Frogress Autosurf Apparently DOA

doaartAn autosurf known as Frogress apparently has gone the way of MegaLido, leaving members in the lurch.

Frogress seems to have started in October — about the same time as MegaLido. It advertised 12 percent a day for 12 days, and forum posts raved about the communications skills of the Frogress operator.

MegaLido employed a similar model before going belly-up in a matter of weeks. People also raved about the communications skills of the MegaLido operator — until he stopped communicating, that is.

In any event, the Frogress server is throwing an error message, and people in forums said the program has tanked. Some people, however, added that they’d join the next autosurf opened by the Frogress operator. After all, he had good communications skills — and 12 percent a day is nothing to sneeze at.

Frogress and MegaLido both used the flameout model — high rebate percentages purportedly paid quickly.

This is distinguished from the slow-motion model — low rebate percentages paid over considerably more time.

Regardless, Ponzi math applies to both approaches, and a rational argument can be made that slow-motion Ponzis actually are more dangerous than flameout Ponzis because more people have more time to join and more money can enter the system before collapse.

Bernard Madoff’s alleged $50 billion scheme was a slow-motion Ponzi, as was the alleged AdSurfDaily Ponzi.

That a slow-motion Ponzi could be construed as more dangerous than a flameout Ponzi does not inply that there is any virtue in using the flameout model; it simply means the individual autosurf’s pot may not grow as large in the flameout model.

No matter. A fameout Ponzi operator still can collect big sums quickly, shut down the autosurf, and start another flameout Ponzi, hopscotching across the Ponzi universe fueled by promoters who can’t say no to the sign-up commissions and the chance to make a quick kill.

It’s worth pointing out that Ponzi collapses can be voluntary or involuntary. It’s common for autosurf Ponzi operators to take the money and run, invoking disclaimers and contract language members agreed to at sign-up:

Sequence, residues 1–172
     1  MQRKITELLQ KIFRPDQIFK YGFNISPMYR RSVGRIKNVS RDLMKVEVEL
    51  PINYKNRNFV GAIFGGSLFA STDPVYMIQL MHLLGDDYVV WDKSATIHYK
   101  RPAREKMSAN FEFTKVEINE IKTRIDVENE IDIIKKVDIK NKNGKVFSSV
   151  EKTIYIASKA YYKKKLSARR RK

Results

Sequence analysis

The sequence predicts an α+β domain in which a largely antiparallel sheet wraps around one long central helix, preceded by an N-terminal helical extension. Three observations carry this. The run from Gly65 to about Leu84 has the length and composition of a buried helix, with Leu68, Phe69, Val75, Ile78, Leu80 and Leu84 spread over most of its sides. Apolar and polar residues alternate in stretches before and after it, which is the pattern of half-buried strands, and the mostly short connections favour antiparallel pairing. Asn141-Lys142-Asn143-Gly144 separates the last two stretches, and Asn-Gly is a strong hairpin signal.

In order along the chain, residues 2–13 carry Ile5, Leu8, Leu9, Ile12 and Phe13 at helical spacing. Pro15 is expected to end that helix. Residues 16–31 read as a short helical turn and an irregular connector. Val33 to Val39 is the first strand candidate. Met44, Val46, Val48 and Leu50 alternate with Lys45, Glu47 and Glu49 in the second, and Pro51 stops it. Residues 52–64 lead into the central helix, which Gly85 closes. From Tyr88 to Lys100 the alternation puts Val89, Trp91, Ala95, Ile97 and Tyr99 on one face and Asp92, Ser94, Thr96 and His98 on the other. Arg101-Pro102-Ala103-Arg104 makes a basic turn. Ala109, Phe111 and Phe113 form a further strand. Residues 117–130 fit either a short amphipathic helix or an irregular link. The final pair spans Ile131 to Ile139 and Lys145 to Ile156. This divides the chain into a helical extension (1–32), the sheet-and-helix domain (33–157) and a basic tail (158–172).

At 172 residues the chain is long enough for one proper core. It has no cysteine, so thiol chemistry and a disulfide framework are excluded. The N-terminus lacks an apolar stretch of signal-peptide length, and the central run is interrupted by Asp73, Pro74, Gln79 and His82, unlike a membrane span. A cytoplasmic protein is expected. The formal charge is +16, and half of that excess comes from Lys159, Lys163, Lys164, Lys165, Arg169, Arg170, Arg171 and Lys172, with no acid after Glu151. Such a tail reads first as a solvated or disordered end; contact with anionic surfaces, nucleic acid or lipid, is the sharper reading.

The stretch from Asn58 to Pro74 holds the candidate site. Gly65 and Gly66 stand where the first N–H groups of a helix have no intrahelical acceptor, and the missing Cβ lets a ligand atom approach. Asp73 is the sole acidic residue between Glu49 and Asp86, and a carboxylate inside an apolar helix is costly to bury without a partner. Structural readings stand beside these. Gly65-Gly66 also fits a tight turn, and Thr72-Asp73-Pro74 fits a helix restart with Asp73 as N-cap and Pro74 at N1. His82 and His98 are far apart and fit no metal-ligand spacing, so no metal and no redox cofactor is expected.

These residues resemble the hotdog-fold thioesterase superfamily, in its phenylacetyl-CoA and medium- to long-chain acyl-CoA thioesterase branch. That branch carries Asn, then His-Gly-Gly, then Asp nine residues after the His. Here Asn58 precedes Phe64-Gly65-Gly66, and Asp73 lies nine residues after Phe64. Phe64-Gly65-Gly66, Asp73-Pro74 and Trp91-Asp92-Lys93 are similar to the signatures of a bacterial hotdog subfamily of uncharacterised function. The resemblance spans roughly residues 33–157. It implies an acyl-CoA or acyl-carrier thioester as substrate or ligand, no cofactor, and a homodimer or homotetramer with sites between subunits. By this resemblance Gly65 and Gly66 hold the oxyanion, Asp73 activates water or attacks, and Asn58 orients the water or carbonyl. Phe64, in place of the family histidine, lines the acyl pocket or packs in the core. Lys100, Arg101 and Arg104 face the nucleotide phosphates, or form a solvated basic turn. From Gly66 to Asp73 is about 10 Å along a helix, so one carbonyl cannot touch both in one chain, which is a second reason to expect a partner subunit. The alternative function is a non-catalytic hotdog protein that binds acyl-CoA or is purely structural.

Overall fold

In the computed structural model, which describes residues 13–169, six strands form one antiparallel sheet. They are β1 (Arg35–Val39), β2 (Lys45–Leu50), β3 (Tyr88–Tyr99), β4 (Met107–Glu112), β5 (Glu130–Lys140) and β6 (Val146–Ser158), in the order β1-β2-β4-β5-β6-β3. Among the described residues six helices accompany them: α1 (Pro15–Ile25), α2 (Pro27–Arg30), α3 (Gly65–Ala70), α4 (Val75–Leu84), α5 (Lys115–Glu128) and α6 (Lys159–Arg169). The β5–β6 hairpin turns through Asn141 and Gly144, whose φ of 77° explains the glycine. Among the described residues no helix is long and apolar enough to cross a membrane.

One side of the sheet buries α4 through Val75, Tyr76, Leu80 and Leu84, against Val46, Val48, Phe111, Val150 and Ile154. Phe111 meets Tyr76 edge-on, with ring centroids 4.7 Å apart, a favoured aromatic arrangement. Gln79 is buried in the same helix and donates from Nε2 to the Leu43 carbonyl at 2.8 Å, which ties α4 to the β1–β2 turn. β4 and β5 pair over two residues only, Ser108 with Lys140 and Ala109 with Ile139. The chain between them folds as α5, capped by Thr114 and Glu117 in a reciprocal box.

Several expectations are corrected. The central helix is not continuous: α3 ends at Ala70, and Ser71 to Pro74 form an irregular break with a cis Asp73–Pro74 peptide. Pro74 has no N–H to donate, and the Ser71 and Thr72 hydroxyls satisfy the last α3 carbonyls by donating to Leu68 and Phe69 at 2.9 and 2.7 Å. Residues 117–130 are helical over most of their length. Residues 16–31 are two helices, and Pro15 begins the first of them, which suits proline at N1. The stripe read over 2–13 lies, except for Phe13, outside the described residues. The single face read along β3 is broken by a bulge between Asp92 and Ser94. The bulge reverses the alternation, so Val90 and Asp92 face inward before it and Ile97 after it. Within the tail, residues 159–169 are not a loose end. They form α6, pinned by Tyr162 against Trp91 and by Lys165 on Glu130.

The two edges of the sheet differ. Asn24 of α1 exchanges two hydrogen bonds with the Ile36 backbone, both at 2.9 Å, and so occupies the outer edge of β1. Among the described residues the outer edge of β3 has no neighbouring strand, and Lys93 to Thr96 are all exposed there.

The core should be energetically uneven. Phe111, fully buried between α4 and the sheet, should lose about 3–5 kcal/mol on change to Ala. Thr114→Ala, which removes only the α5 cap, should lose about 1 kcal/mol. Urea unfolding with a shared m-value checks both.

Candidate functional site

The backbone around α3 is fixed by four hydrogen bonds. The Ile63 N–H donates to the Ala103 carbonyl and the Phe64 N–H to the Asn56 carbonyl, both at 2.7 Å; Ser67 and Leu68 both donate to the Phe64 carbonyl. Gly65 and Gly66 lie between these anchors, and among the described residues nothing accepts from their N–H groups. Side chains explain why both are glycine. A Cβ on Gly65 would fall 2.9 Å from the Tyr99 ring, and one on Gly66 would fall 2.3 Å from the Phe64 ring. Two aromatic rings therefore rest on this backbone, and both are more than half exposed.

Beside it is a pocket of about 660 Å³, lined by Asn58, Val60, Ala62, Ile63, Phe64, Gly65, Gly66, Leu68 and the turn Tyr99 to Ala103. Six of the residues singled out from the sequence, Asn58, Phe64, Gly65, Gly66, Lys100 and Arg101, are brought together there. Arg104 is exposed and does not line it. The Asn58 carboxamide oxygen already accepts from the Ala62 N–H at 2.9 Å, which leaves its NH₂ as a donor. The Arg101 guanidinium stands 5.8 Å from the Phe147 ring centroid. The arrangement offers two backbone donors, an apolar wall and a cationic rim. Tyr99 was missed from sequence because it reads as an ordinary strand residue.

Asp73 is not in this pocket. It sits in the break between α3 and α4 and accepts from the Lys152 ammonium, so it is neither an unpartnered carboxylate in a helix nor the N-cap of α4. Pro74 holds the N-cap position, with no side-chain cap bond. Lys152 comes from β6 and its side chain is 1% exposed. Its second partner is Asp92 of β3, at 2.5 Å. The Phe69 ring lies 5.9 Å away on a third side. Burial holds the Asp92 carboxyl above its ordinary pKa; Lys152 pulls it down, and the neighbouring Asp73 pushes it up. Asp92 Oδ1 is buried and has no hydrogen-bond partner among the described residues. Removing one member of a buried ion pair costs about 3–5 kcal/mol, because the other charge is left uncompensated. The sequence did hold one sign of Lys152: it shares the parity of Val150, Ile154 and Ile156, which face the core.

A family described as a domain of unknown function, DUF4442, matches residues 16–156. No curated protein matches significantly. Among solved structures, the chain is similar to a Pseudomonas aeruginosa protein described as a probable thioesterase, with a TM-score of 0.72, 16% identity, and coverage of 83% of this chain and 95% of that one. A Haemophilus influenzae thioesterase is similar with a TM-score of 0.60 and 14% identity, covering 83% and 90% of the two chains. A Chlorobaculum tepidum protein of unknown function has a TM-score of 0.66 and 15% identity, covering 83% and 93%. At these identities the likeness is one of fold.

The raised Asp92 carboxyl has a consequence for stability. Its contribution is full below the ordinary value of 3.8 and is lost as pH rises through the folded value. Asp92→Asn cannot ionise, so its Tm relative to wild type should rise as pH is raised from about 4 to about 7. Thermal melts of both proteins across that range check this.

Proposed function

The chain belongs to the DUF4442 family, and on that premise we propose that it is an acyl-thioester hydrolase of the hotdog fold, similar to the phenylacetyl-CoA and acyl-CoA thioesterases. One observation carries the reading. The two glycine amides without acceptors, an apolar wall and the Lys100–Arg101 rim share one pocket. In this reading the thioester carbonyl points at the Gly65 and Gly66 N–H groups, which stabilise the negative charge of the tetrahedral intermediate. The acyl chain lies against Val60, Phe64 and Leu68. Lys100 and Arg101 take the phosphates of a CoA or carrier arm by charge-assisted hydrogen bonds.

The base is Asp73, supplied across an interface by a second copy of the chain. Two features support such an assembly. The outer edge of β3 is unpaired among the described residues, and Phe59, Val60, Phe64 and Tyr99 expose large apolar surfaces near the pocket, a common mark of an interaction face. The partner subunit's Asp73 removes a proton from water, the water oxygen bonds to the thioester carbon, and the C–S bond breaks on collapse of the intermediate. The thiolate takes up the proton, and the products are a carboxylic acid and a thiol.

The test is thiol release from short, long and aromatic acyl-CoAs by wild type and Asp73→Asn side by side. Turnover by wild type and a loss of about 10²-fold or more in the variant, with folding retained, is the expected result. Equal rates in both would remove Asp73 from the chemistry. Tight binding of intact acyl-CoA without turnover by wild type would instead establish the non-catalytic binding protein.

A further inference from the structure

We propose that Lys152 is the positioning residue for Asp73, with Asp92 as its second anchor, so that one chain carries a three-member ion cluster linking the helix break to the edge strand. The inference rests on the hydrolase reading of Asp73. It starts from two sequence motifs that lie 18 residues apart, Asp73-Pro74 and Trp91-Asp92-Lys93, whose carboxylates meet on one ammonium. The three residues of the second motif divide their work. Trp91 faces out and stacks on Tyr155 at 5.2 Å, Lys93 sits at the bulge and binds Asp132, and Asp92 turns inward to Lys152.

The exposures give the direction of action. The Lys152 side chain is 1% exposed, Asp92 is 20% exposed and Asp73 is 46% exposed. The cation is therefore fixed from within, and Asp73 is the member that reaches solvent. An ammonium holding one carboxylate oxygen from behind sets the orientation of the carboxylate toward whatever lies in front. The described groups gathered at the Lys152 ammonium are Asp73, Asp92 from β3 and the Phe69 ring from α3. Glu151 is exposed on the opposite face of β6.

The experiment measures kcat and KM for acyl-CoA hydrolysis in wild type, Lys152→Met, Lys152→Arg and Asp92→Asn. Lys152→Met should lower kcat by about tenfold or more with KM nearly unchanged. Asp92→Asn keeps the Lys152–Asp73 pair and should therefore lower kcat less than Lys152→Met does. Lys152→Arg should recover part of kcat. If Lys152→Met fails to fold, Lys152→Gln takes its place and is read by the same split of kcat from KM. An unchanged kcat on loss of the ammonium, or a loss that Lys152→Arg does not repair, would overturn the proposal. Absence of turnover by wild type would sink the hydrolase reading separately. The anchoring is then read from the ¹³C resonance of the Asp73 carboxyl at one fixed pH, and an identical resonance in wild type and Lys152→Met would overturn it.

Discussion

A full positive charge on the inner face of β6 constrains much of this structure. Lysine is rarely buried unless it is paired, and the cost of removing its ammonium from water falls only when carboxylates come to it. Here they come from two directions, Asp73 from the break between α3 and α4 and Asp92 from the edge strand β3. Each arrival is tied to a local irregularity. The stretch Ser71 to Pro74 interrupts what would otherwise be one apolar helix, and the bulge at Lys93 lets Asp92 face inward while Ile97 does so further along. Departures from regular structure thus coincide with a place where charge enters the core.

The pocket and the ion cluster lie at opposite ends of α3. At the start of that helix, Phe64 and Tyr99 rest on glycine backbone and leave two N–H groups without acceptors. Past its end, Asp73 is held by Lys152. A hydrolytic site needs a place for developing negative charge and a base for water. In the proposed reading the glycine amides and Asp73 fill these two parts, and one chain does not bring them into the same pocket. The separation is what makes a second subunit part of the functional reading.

Advertising fees are “nonrefundable,” for instance. And “rebates aren’t guaranteed.”

If the cessation of operations is involuntary, it could be because the government has stepped in to stop an alleged scam from mushrooming and sucking away even more money. That’s the ASD experience.

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5 Responses to “Frogress Autosurf Apparently DOA”

  1. Patrick,

    I would agree that the slow Ponzi’s are more dangerous. No one really believes in 12 percent per day returns. ASD was a moderately fast Ponzi, offering returns that at least a few believed were sustainable/reasonable (Ty, for example). Madoff offered returns that did not strain credibility for everyone, and so was able to draw in more serious investors with significant money. No one would ever put a million dollars into ASD. Their due diligence would sniff out the Ponzi (people who put $100 into ASD would be FAR less likely to do due diligence, or at least detailed DD, that someone who invests $1,000,000). The available due diligence on Madoff would not have uncovered the Ponzi, although I would suggest that the “secret investment strategy” should have been a red flag. Ultimately, there is likely a strong inverse correlation between size and Ponzi speed. Slow Ponzi’s can do more damage, and people feel as if the Ponzi leader has been very dishonest, hiding the truth, such as by falsifying records. Fast Ponzi’s like ASD, CEP, Megalido, and now Frogress didn’t rely on record falsification. Say what we want, Bowdoin with ASD did not hide the truth — the Ponzi nature was in plain view for those who wanted to look at the math.

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  2. ASD was a moderately fast Ponzi, offering returns that at least a few believed were sustainable/reasonable

    Hi Entertained,

    Lots of folks defended ASD on the grounds it wasn’t 12DailyPro — meaning it promised a lower rebate paid over a longer time frame. The prosecutors anticipated this argument, refuting it in the ASD forfeiture complaint.